National Birth Defects Prevention Month

January is National Birth Defects Prevention Month.  It is a time for raising awareness of how frequently birth defects can occur and what can be done to help prevent them.

Birth defects are defined as conditions that are present when a baby is born and can affect nearly every part of the body.  Conditions such as cleft lip can be easily diagnosed.  Other conditions such as deafness or heart defects may only be discovered after diagnostic testing.

The largest number of birth defects occurs during the first three months of gestation. In the U.S. approximately 120,000 babies are born with birth defects each year.

The 10 most common birth defects in the US, according to the Centers for Disease Control and Prevention (CDC) are:

  • Down syndrome
  • Cleft lip (with or without cleft palate)
  • Atrioventricular septal defect (hole in the heart)
  • Absence of malformation of the rectum and/or large intestine
  • Gastroschisis (hole in the abdominal wall)
  • Tetralogy of Fallot (a combination of heart defects)
  • Spina bifida without anencephaly
  • Reduction deformity, upper limbs
  • Reversal of the heart’s two main arteries

Although birth defects can’t always be prevented, there are plenty of steps pregnant women can take to help reduce the risk.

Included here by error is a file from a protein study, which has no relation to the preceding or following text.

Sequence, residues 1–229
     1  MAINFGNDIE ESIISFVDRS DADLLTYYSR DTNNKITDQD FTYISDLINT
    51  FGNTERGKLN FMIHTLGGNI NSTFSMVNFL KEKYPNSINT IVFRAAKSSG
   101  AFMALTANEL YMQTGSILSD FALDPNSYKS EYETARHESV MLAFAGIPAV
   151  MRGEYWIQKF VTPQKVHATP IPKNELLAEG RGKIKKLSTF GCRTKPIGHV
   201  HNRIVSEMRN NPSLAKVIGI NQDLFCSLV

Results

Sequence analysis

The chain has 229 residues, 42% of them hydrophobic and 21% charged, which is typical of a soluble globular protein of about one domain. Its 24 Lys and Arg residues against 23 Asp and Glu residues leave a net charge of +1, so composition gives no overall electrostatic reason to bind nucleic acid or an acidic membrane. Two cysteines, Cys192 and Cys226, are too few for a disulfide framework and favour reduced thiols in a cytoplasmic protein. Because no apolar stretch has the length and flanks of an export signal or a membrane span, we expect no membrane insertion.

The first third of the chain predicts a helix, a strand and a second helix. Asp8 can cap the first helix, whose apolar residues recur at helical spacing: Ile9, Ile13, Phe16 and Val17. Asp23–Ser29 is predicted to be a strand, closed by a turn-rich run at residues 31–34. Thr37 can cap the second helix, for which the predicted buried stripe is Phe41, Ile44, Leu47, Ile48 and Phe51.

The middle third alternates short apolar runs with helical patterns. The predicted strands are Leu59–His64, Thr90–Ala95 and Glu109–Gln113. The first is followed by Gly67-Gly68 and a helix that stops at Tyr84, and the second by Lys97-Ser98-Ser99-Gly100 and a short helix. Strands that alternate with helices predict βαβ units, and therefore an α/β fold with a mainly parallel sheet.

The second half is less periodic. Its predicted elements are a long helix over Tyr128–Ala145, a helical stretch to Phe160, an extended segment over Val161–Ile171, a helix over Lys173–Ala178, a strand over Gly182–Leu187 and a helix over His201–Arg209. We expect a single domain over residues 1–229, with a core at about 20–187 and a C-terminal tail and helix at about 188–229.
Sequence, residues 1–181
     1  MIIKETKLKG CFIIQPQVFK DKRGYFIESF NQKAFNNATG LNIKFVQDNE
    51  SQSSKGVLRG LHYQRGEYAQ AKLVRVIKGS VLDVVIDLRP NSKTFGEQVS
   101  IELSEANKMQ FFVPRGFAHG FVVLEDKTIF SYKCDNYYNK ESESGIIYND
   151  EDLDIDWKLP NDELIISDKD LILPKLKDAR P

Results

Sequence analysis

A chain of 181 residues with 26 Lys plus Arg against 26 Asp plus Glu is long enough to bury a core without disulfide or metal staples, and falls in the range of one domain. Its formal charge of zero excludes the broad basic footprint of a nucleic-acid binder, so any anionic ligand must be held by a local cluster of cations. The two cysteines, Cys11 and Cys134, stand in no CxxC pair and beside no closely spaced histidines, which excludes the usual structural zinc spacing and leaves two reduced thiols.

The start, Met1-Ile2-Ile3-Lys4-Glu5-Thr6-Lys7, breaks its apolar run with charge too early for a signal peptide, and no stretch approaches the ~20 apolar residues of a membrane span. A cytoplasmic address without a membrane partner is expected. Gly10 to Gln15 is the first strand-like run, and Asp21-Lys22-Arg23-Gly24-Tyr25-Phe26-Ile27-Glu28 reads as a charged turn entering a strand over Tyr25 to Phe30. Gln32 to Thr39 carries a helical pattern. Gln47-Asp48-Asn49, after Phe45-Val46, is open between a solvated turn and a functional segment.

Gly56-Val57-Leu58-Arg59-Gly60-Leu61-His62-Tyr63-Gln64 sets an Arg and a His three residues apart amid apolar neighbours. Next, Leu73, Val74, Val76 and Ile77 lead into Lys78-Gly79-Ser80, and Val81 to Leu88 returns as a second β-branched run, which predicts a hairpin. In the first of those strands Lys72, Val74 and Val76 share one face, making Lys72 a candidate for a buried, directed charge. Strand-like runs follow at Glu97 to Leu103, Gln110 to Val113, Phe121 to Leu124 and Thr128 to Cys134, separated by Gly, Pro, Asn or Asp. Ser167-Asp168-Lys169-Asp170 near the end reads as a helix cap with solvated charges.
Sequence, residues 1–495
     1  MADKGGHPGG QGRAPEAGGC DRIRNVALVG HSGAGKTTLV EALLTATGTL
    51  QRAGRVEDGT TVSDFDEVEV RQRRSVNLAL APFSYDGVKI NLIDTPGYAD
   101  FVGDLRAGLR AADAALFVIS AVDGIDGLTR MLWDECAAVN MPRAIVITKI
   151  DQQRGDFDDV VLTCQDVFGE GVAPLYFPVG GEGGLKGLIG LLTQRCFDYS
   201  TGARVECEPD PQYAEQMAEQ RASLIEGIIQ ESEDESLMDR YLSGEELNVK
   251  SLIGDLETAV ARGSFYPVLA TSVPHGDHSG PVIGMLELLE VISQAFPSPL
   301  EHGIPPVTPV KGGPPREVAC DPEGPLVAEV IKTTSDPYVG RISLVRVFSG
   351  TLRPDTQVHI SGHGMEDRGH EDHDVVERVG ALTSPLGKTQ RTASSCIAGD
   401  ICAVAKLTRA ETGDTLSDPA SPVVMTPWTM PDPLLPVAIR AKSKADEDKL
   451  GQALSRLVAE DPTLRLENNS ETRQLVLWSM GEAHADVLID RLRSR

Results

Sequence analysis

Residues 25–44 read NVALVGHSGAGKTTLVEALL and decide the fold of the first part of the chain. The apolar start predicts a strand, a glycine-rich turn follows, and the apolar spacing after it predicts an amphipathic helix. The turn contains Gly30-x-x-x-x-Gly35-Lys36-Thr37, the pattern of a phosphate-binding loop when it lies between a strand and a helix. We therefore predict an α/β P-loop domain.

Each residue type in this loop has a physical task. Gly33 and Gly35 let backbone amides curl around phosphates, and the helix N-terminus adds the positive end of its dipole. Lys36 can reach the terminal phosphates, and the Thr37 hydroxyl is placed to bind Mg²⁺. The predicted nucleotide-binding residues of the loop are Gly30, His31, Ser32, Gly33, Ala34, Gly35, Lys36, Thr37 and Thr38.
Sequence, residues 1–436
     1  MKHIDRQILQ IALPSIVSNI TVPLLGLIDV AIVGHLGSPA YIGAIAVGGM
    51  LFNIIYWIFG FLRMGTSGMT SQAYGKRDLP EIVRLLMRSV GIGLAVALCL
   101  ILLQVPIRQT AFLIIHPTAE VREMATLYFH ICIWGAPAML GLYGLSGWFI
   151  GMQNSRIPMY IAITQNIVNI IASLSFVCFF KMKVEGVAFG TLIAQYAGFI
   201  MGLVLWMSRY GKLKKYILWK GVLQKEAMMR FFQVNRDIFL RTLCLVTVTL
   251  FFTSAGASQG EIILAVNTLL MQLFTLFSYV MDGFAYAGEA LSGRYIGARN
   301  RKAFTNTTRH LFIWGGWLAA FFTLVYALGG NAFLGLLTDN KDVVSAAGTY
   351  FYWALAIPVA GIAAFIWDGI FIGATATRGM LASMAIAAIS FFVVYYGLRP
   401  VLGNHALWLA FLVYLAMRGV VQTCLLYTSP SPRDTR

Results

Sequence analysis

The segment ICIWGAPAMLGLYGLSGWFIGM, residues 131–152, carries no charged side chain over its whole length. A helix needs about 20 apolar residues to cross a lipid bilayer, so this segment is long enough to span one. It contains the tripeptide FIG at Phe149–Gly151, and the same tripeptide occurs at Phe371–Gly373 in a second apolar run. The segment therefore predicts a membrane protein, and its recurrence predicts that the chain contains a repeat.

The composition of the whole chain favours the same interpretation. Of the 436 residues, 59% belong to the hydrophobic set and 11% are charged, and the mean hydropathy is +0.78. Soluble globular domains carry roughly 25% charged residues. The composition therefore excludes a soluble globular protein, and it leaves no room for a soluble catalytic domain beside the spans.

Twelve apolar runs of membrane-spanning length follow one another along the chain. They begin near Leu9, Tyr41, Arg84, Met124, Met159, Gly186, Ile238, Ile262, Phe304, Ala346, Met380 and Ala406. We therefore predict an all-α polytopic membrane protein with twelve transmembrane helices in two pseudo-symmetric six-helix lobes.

The website offers these suggestions:

  • Make regular visits to your doctor throughout pregnancy
  • Get 400mcg of folic acid each day through diet or supplements
  • Don’t smoke, use illegal drugs or drink alcohol while you are pregnant
  • Always check with your doctor before taking any medication
  • Get all vaccinations recommended by your doctor
  • If you have diabetes, keep it under control
  • Stick to a healthy weight

You may also request a pre-pregnancy or early pregnancy screening test in order to spot potential or real birth defects.  The types of tests include a carrier test to see if you or your partner carries potentially harmful genes, as well as screening and diagnostic tests that can determine risks for and detect genetic disorders.

If you are pregnant, or planning to be, and want to discuss your options with one of our doctors, the Women’s Health Center at Jamaica Hospital Medical Center is centrally located and has convenient hours; to make an appointment call 718-291-3276.


All content of this newsletter is intended for general information purposes only and is not intended or implied to be a substitute for professional medical advice, diagnosis or treatment. Please consult a medical professional before adopting any of the suggestions on this page. You must never disregard professional medical advice or delay seeking medical treatment based upon any content of this newsletter. PROMPTLY CONSULT YOUR PHYSICIAN OR CALL 911 IF YOU BELIEVE YOU HAVE A MEDICAL EMERGENCY.